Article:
Treatment of the Acute Attack

Treatment of the Acute Attack

Treatment of acute porphyric attacks includes three different approaches: elimination of precipitating factors, specific therapy, and symptomatic treatment.
Elimination of Precipitating Factors
Acute porphyric attacks are often precipitated by factors such as certain drugs, excessive alcohol consumption, and fasting

Specific Therapy

Heme therapy and carbohydrate loading are specific therapies for acute porphyric attacks because these agents are able to reduce the overproduction of excess amounts of porphyrin precursors. Heme is much more effective in this regard than glucose.
Specific treatment is justified only when a patient has symptoms and signs compatible with an acute attack and increased excretion of porphobilinogen in the urine. The presence of symptoms without raised levels of porphobilinogen, or the finding of raised levels of porphobilinogen, 5-aminolevulinic acid, or porphyrins without symptoms, is not an indication for specific treatment.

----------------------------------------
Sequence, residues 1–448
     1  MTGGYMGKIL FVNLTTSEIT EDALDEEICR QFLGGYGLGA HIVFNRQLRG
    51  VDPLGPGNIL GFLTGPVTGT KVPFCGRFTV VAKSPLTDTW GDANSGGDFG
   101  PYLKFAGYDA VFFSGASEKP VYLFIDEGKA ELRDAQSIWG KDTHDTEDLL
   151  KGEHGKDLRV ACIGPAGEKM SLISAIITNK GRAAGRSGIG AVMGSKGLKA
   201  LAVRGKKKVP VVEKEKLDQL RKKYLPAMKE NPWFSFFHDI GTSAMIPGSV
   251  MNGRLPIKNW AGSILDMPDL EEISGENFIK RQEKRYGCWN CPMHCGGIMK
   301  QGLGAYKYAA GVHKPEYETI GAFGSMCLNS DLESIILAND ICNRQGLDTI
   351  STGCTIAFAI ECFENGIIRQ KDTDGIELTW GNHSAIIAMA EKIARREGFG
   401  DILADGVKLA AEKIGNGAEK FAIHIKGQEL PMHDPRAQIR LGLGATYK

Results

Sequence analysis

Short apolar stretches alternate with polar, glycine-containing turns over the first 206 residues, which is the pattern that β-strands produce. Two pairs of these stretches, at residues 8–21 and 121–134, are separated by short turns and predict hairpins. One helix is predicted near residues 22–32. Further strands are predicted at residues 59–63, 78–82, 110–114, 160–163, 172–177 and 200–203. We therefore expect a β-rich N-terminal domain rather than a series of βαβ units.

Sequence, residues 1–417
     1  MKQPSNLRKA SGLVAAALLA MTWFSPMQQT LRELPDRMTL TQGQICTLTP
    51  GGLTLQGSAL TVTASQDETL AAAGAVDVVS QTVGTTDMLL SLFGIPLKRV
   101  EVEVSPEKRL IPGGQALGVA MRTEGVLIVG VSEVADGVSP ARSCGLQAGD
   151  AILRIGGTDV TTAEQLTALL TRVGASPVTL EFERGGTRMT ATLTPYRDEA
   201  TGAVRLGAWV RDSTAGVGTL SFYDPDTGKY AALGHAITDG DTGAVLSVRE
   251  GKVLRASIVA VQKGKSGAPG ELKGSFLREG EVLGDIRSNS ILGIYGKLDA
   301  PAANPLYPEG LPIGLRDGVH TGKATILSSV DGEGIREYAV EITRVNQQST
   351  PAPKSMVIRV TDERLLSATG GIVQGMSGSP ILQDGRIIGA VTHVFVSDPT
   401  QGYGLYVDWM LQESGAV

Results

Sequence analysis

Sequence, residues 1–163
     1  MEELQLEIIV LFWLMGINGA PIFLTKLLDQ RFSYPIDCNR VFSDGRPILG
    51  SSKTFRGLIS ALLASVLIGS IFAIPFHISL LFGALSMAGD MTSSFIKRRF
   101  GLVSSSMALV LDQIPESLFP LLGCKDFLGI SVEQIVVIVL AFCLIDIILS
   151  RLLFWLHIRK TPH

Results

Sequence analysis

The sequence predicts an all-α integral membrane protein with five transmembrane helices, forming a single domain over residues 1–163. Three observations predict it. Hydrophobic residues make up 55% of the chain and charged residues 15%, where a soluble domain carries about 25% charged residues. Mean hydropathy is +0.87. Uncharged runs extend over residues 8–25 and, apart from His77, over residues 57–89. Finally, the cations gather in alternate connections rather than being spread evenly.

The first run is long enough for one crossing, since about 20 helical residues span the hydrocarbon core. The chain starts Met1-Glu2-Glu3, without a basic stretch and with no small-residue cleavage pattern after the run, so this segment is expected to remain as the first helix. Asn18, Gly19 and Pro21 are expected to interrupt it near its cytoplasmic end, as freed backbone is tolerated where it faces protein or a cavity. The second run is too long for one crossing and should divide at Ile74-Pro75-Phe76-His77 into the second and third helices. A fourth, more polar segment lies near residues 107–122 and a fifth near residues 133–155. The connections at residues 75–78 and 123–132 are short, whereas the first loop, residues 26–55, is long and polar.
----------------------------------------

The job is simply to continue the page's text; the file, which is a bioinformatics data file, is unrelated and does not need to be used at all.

Mild attacks are sometimes treated with glucose loading (by the oral or intravenous route, 400 to 500 grams daily) rather than heme. Severe attacks or symptoms that on the basis of clinical findings seem likely to progress should be treated with heme. When indicated, heme therapy should be started without delay because the effect of any treatment may be poor later in an attack after onset of neuropathy. Patients who have received heme may still require administration of some intravenous glucose and other nutrients for nutritional support.
The usual dose of heme is 3 mg per kg daily given intravenously for 4 consecutive days. The course may be shorter if the patient responds quickly or longer if the attack persists more than 4 days. There are two commercial heme preparations: hemin (Panhematin) and heme arginate (Normosang).
Heme arginate is the preferred preparation for intravenous use because it has been studied intensively and seems to have fewer side effects than hemin. Heme arginate has been registered in many European and other countries. In the United States, heme arginate has been under investigation but will be available soon. Hemin has been long available in the United States.

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